Windows 10 Recovery Advanced Startup
When you restart using advanced startup, you'll first get to choose your boot options. On the screen that comes up, go to Troubleshoot > Advanced options > UEFI Firmware Settings and click Restart, which will boot straight into your UEFI BIOS from Windows 10.

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MRFSYS
Author
Level 2
25 14 1 1
Message 5 of 11
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Thanks for your help. 

 

In the HP documentation I had read to date,

some documents advise ESC,

some documents advise F10, and

some documents advise fn+F10 .

 

With time, I was able to access the motherboard BIOS

with a USB keyboard that also has an "fn" key.  However,

our other keyboards here do not have an "fn" key, and

we need to switch between 2 x HP PCs with an aging

2-port KVM switch that requires PS/2 connectors.

 

And, some of the USB-to-PS/2 adapters we have

in spare parts here, must be defective because

they have never worked.

 

After some trial-and-error, I did also upgrade the

motherboard BIOS to the latest version.

 

I'm keeping that "fn" keyboard handy,

in case we need to access the BIOS again

using the method that did work last time.

 

For now, the PC needing a solution is

working fine again (I'm using it to write this).

 

Thank you again for providing valuable options.

 

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MRFSYS
Author
Level 2
25 14 1 1
Message 6 of 11
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Thanks for your help. 

 

I found it necessary to take a detour into the settings

configuring the integrated Ethernet adapter.

 

"Wake on Magic Packet" and "Wake on Pattern Match"

were both ENABLED.

 

Also, under "Power Management", there is a check box to:

"Allow this device to wake the computer" .

 

All of the latter appear to enable a "back door"

without my knowledge or consent.

 

And, in one HP document, I found an isolated reference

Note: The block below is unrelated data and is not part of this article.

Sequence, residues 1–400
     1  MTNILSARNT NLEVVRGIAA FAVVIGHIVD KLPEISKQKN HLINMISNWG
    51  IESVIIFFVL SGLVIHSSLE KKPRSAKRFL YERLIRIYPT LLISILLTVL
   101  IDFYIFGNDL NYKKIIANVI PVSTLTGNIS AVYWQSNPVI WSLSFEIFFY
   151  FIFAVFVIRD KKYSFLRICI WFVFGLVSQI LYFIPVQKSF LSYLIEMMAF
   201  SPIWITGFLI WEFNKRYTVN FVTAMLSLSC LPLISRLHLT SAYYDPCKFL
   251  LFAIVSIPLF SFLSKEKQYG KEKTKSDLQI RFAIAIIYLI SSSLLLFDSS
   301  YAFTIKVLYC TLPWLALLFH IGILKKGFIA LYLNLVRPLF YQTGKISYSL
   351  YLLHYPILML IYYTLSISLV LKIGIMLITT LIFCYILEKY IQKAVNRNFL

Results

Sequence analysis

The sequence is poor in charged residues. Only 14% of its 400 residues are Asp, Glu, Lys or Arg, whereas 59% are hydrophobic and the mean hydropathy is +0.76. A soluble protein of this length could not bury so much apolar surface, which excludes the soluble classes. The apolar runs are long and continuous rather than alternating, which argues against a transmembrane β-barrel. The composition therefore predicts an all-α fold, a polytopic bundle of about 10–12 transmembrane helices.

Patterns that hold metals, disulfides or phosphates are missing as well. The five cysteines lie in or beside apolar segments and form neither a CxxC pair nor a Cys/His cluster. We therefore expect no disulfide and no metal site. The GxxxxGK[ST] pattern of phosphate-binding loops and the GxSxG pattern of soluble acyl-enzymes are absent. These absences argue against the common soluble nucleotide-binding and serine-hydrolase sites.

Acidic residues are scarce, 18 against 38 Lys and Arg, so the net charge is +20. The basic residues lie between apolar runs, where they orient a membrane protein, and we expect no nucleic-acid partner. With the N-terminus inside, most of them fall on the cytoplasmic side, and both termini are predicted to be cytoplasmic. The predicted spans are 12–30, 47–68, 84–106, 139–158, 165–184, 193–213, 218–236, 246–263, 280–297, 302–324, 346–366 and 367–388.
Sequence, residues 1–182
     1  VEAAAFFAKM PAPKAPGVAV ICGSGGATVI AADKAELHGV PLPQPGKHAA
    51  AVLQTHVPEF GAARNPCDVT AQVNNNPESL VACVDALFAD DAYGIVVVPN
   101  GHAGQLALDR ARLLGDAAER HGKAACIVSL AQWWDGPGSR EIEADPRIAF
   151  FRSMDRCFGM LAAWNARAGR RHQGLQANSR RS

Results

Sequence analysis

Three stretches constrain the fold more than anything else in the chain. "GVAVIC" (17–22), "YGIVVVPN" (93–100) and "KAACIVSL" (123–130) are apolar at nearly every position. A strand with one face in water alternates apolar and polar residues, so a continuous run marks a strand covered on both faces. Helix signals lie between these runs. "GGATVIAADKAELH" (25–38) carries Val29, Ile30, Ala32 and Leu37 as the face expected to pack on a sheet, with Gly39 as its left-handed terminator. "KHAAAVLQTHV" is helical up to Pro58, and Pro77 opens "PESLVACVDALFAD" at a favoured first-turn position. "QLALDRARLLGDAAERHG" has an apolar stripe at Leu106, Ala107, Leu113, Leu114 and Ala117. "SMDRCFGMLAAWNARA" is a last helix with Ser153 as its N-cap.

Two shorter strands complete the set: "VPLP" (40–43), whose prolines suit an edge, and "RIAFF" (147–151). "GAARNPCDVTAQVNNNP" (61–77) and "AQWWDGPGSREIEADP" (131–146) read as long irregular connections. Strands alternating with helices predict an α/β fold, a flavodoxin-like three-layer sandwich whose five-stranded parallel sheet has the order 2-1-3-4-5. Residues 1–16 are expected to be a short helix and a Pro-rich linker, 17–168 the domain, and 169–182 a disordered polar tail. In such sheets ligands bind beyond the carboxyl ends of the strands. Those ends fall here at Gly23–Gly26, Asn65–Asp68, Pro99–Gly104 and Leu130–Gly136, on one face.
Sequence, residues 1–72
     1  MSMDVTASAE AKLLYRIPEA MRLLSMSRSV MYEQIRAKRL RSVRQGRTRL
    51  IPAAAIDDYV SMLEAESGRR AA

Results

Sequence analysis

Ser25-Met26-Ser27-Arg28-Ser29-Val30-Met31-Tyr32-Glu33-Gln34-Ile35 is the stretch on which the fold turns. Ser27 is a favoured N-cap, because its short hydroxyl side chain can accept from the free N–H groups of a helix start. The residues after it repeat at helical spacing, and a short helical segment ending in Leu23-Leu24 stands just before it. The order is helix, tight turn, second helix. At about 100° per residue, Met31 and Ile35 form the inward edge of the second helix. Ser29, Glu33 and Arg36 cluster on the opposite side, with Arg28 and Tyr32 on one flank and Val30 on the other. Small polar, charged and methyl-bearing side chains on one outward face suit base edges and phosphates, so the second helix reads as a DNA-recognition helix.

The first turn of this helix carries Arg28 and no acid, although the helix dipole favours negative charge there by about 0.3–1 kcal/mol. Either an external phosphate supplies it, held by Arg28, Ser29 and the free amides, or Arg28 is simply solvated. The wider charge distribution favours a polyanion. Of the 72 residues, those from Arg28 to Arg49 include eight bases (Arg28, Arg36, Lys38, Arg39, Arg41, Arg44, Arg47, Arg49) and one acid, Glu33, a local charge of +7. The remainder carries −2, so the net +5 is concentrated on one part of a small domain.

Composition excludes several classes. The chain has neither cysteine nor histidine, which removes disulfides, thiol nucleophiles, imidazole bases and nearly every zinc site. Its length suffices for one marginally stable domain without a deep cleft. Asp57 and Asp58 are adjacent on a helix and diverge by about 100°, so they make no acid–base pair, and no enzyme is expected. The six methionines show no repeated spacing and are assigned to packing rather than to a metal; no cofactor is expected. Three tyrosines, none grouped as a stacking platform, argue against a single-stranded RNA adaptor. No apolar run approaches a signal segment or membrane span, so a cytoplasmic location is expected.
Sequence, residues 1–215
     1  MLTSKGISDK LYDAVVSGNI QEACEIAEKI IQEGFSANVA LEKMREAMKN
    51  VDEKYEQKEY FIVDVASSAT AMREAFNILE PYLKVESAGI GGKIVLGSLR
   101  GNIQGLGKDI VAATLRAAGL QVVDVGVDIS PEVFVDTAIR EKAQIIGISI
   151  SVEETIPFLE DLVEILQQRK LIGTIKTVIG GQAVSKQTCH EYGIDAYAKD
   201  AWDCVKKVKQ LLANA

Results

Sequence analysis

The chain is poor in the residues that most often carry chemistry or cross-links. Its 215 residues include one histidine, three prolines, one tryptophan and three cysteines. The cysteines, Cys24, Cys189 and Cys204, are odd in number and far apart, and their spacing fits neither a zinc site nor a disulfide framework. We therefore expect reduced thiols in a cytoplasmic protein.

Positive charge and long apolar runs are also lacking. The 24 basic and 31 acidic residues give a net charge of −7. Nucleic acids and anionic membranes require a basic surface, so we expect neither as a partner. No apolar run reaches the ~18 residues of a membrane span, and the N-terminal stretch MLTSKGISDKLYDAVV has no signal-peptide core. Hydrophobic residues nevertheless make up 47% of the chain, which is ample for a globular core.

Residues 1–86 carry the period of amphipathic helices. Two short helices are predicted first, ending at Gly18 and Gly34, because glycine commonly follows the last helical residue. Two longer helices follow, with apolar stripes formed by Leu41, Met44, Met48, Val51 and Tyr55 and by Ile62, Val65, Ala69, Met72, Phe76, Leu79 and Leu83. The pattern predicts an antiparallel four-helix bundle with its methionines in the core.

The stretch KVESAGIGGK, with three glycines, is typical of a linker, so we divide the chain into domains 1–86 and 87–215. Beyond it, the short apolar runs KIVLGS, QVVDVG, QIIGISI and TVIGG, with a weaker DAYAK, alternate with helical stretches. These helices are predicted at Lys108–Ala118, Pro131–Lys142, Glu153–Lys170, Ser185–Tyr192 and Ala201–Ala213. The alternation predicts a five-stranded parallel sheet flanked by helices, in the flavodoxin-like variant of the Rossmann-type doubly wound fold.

to "enabling remote access"  -- but I can't quite remember

the exact document where I saw that reference.

 

Further up the "chain of command" there are also

OS options to enable remote access for assistance

with troubleshooting:

 

In the "Remote" tab under System Properties,

at "Remote Assistance" and "Remote Desktop"

find:

 

"Allow remote connections"

AND

"Allow Remote Assistance"

 

As such, all of the above were suspects

in our search for explanations for the

failed USB cable to our APC battery backup unit.

 

These options got me wondering if this PC

was awakened by a "magic packet"

transmitted by some hacker who tried,

but failed, to take control e.g. to plant a virus

while I was asleep in bed.

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itsmyname
Level 9
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Message 7 of 11
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> we need to switch between 2 x HP PCs with an aging 2-port KVM switch that requires PS/2 connectors.

 

I have a similar 2-port KVM that uses VGA & PS/2 connectors. A double-tap of "Scroll Lock" works as a selector.  Give it a try.

 

> some of the USB-to-PS/2 adapters we have in spare parts here, must be defective because they have never worked.

 

If the adapter is GREEN, it interfaces between a USB mouse and a PS/2-mouse socket.

If the adapter is PURPLE, it interfaces between a USB keyboard and a PS/2-keyboard socket.

And never the twain shall be mete.  🙂